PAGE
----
Who Leads the Middle East?

Saudi Arabia's King Abdullah often has the weary air of a simple man who's lived long enough to see it all, and in many ways he has. He was born more than 80 years ago, into a world of desert warriors where his father had yet to conquer the holy cities of Mecca and Medina or found the nation that Abdullah rules today. No oil flowed from beneath the sands. No Israel existed. The whole of the modern Middle East, for better or worse, has been created in his lifetime.

Yet now, say senior Saudi princes and members of the government, Abdullah has grown so angry and "emotional" about the disasters confronting the region that he's decided to take on a new role. No longer will Saudi Arabia play backup while its ally the United States fronts the band. Abdullah has grown frustrated, almost bitter, with the fecklessness of a divided Arab world. As if taking a line from Plato's Republic—"He who refuses to rule is liable to be ruled by one worse than himself"—the old king is now trying to lead on virtually every sensitive issue in the Middle East, from an Arab-Israeli peace to Darfur.

This surge of diplomatic initiative has baffled Washington. Bush officials worry whether Abdullah's new activism will ultimately support U.S. policy or undermine it. The Saudi monarch minced few words last week in his address to the summit of Arab kings, princes, prime ministers and presidents in Riyadh. Without diplomatic nicety, he condemned the "illegitimate foreign occupation" of Iraq. "Blood flows between brothers ... threatening a civil war," he harshly declared. American officials quickly noted that U.S. forces operate under a United Nations mandate, renewed every year. But there was no mistaking Abdullah's angry frustration with both the Americans' failure to bring order, after launching an ill-conceived invasion, and the Iraqis' own penchant for violence.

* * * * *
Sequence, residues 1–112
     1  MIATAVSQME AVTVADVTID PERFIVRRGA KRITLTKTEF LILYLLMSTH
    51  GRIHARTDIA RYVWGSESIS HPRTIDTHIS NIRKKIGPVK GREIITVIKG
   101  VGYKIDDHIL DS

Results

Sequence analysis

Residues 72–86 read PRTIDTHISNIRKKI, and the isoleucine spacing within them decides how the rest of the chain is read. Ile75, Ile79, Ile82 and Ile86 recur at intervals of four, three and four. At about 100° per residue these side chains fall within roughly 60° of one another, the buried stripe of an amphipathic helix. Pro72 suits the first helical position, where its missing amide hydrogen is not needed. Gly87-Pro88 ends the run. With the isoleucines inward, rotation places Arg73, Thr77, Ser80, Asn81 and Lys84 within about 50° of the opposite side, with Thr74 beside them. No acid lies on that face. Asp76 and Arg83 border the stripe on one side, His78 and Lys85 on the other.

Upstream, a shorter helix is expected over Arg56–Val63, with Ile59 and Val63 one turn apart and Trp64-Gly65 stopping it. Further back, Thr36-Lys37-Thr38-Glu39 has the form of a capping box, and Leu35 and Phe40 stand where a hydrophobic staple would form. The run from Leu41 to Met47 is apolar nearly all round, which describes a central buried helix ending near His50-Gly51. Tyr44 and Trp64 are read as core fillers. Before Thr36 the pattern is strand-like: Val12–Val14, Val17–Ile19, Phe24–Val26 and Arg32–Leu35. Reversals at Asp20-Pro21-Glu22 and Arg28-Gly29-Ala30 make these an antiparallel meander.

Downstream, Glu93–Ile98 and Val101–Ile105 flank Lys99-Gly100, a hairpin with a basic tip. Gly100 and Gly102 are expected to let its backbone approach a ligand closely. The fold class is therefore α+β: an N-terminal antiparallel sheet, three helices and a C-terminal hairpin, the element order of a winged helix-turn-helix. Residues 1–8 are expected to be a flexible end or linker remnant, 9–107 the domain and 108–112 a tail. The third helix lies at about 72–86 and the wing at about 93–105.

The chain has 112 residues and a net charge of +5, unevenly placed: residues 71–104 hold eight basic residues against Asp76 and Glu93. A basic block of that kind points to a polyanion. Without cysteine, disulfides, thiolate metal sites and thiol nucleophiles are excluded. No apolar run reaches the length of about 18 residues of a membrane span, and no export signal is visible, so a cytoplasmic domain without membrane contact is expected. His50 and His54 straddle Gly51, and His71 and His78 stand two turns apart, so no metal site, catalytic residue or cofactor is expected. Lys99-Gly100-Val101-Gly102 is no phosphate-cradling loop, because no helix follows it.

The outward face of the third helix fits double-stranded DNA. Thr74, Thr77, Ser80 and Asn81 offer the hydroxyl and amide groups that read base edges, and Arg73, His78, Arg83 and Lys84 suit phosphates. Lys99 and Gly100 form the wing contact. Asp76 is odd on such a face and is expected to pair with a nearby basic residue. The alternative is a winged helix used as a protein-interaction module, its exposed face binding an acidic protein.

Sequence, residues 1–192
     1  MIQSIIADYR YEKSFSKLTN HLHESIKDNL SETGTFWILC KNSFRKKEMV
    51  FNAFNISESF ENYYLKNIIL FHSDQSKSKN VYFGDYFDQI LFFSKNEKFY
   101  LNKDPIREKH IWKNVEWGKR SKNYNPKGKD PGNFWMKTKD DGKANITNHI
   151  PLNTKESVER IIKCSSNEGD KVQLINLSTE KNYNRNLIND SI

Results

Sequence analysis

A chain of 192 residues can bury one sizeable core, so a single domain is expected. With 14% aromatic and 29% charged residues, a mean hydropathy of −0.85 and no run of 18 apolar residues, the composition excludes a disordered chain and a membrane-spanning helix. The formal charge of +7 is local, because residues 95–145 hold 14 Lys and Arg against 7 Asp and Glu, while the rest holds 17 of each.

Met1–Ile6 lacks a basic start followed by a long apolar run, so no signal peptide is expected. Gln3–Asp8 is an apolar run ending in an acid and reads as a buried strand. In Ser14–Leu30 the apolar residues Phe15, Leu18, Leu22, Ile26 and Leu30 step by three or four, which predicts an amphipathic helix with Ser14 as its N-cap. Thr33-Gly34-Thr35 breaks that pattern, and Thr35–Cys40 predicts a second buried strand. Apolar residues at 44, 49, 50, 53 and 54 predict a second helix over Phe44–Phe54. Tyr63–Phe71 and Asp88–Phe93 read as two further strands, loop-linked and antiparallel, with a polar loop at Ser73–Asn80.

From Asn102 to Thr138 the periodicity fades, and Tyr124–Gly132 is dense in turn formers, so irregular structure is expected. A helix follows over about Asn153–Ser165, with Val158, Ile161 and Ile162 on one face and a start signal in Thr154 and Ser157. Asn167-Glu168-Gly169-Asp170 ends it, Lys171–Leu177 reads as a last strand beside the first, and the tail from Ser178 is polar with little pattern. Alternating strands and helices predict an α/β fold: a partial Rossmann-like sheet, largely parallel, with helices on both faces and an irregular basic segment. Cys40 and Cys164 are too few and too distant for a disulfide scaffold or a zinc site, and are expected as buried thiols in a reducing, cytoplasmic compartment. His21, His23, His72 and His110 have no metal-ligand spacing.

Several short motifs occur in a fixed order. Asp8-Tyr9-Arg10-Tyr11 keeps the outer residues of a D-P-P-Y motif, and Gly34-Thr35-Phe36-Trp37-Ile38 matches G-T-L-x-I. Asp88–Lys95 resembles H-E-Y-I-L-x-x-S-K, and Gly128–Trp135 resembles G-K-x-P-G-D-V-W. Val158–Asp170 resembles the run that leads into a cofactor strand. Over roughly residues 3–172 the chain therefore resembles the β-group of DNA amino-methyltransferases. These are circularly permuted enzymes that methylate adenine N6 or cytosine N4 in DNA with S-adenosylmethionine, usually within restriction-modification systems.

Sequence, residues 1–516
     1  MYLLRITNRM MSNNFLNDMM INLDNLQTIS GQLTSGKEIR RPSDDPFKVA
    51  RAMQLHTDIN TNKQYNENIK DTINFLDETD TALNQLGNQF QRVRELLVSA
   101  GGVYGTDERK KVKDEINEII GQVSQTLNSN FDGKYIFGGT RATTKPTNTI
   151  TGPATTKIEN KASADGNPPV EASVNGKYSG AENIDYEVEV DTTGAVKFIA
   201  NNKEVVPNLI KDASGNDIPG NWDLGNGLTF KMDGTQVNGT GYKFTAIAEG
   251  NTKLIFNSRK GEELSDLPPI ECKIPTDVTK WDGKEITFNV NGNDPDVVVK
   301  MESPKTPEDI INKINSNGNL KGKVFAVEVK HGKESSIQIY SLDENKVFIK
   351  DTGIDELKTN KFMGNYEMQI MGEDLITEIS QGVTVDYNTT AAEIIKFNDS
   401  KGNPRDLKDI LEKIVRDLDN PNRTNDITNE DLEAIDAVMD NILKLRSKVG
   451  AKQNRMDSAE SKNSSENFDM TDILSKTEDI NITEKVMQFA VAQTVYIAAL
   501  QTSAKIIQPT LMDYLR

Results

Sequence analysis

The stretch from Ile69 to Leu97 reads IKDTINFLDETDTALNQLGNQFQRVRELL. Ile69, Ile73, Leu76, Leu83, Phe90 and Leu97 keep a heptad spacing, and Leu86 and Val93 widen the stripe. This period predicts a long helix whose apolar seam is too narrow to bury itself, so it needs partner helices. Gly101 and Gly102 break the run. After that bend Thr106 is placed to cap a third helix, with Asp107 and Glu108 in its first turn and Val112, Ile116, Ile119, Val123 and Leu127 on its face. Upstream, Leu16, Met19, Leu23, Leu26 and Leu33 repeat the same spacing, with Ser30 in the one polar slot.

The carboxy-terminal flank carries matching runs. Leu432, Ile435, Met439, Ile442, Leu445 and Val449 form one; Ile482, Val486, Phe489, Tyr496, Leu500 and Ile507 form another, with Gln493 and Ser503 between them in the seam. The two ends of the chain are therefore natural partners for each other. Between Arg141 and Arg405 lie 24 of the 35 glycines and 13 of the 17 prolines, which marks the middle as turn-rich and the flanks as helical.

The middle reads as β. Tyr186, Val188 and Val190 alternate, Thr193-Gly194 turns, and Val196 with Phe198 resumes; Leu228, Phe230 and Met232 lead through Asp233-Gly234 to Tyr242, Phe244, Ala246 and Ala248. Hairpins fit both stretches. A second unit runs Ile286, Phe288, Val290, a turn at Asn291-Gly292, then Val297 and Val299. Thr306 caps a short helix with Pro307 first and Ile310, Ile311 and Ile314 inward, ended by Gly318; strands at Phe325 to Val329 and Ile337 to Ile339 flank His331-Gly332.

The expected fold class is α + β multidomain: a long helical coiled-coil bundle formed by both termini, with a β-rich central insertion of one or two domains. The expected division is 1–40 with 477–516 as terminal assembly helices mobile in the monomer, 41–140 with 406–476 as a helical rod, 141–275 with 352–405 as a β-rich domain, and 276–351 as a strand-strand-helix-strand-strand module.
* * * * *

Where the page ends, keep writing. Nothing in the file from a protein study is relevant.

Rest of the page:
The threat of civil wars among the Lebanese and Palestinians has also aroused his passion—as have Tehran's efforts to exploit the unrest to spread its Islamic revolution. The Saudis see Iranian President Mahmoud Ahmadinejad's incendiary rhetoric against Israel as a crass bid for support among embittered Arabs, both Sunni and Shiite. And they consider Iran's race to become a nuclear power a direct threat to Saudi Arabia's own influence, if not its survival, as well as a provocation to the United States that will bring more war to the region. "Do you think those U.S. warships are out there on vacation?" Abdullah warned Ahmadinejad when they met a few weeks ago in Riyadh, according to sources close to the royal family.

Abdullah's fears about Iran's hegemonic ambitions date at least to September 2005. "It seemed at the time as if Iraq were being presented to the Iranians on a silver platter," says Turki Al-Faisal, the former Saudi intelligence chief who was then ambassador to Washington. Saudi Foreign Minister Saud Al-Faisal, the ambassador's brother and, like him, the son of a former king, met with George W. Bush last May to press Saudi concerns. "We have two nightmares about our relationship with Iran," he told the president, according to Turki. "One is that Iran will develop a nuclear bomb, and the other is that America will take military action to prevent Iran from getting a nuclear bomb."